CSU is working to prepare students for the workforce
Helping students learn Internet research skills
Contact: Clara Potes-Fellow, (562) 951-4800, email@example.com
(March 4, 2005) -- The California State University system is creating a way to measure students’ Internet research skills, which have become indispensable in today’s modern academic and work environments.
Students often use the Internet as the first resource for research and
to identify other resources when they do class papers. The CSU is working
to prepare students to discriminate between credible and non-credible
information on the web.
Cal State Long Beach student Christina Asi can recall not learning academically correct and ethical steps in citation, copyright, and on-line searching until she reached her junior year in college. It was at this point that she took a research and methods course required by her journalism department prior to graduation.
“After taking this course, I understand more about the importance of copyright, properly choosing credible online databases and citations,” said Asi. “The course also helped me understand how easy it is for students to plagiarize work without realizing it sometimes.”
Based on similar experiences of other students, the CSU is responding to the challenges brought about by the Information Age by implementing information assessment at its 23 campuses.
The CSU is a leader among seven universities that are working with the Educational Testing Service (ETS), the company that helped develop the Information Communication Technology Assessment.
The test evaluates the students’ skills using computers and online databases to conduct research and write papers. The test also evaluates how students manage, integrate, evaluate, and create information indispensable to function in a knowledge-based society.
The CSU, a system of nearly 400,000 students, began in 1995 to look at student preparation in information skills. With the help of its librarians, faculty, and instructional technology specialists, the CSU began to assess changes in students’ habits and the use of new technologies as educational tools.
“Students no longer frequent the university library where books and other sources have been carefully chosen by highly trained librarians based on the academic respectability of the source,” said Lorie Roth, CSU assistant vice chancellor of academic programs. “Students now are able to access databases from the comfort of their own home, cut and paste onto research papers, oftentimes doing it without taking into account copyright and citation rules.”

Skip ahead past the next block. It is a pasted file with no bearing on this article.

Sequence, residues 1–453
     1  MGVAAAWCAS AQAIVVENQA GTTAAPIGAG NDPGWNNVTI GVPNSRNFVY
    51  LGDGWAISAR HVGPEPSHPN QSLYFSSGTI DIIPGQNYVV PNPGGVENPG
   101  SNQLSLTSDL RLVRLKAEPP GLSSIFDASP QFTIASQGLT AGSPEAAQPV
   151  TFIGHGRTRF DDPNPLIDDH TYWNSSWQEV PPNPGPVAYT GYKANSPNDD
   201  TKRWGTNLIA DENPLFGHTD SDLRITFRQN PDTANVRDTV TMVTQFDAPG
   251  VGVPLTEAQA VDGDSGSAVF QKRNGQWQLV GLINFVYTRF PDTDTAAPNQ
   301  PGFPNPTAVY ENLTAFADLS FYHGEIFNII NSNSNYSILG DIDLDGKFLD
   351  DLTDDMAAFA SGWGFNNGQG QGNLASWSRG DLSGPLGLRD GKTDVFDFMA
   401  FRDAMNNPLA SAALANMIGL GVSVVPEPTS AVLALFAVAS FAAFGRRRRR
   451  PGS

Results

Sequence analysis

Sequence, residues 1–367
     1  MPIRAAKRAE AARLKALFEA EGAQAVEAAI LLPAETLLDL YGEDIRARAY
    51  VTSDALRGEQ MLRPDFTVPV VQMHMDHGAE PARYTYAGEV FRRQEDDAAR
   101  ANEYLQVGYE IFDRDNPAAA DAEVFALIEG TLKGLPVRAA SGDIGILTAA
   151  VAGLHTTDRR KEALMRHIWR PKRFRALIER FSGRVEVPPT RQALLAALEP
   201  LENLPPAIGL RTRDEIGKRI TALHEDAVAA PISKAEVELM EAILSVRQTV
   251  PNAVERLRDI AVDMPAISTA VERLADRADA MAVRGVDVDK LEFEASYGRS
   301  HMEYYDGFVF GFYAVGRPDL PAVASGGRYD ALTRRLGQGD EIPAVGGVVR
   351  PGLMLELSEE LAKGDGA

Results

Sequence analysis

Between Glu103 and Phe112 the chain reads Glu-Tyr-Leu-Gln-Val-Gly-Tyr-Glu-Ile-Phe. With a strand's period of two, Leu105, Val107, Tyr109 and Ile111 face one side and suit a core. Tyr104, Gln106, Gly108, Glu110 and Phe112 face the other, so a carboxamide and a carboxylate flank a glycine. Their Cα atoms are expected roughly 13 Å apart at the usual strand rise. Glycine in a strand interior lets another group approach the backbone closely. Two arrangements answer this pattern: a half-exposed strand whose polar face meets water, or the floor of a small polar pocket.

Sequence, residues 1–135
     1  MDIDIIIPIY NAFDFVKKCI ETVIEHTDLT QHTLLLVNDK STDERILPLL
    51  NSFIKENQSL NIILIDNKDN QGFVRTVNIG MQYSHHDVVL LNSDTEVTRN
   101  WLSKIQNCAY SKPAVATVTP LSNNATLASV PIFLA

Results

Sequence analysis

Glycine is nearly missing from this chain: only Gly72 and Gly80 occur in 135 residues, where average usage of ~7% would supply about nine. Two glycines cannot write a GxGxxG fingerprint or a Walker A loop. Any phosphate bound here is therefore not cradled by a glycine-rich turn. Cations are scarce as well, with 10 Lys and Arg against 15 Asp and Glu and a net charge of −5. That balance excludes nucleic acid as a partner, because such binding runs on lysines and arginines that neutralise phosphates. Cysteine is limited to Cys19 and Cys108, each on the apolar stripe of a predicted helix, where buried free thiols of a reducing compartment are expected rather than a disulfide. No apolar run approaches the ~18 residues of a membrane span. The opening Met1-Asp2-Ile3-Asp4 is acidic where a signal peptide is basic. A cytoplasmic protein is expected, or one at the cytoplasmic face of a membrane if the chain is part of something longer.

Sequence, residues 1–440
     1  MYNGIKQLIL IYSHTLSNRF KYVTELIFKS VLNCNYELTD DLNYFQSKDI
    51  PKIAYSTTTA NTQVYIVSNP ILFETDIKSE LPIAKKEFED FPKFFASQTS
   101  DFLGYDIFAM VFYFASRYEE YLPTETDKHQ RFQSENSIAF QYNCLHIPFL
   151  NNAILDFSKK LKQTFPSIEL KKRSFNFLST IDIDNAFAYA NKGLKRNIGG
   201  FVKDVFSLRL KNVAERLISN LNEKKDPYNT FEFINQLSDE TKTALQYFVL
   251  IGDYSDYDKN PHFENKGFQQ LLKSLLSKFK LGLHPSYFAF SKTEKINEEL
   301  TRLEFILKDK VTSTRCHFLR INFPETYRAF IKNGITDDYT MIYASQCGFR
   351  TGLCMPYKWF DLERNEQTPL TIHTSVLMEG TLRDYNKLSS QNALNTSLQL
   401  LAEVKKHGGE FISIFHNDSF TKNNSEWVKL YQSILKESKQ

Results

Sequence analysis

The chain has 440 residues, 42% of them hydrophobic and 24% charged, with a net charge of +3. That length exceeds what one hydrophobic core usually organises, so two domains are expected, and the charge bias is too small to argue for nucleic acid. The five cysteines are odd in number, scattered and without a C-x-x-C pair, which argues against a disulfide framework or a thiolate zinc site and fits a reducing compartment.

The assessment is aimed at three key audiences, said Barbara O’Connor, communications professor at CSU Sacramento. O’Connor also served on an International ICT Literacy Panel conducting tests in Europe and South America.
First, it will benefit CSU students entering their junior year and high school students preparing to be accepted into a CSU campus, O’Connor said. This means that it could be implemented as a capstone experience of general education courses at the CSU and also help the university assess the information literacy skills of community college students intending to transfer to the CSU.
A second key audience is upper-division students who would benefit from a more in-depth assessment of their information-seeking and information-using skills.
A third audience will be any other student who wants to be aware of her/his academic abilities or limitations. Either way, the objective is to academically prepare students from any discipline or college level for the workforce and for advanced study.
The ETS ICT Literacy Assessment will require test-takers to utilize basic technology as a tool to find solutions, perform management tasks such as extracting information from a database, developing a spreadsheet, or composing an e-mail summarizing certain research findings.
According to Roth, universities are turning their attention to the lifelong skill of learning how to learn: how to educate students to find, evaluate, and effectively use information that is constantly changing.
The CSU hopes to make the assessment available to its students statewide in early 2006, to help them in their college years and in the future as they prepare for work and life after college.
Students who take this test in early 2006 will receive an overall score
as well as subscores in four different areas: define/access, manage/integrate,
create/communicate, and evaluate.
To learn more about the CSU’s work to improve students’ information competence skills, please go to www.calstate.edu/LS/infocomp.shtml.
Last Updated: March 8, 2005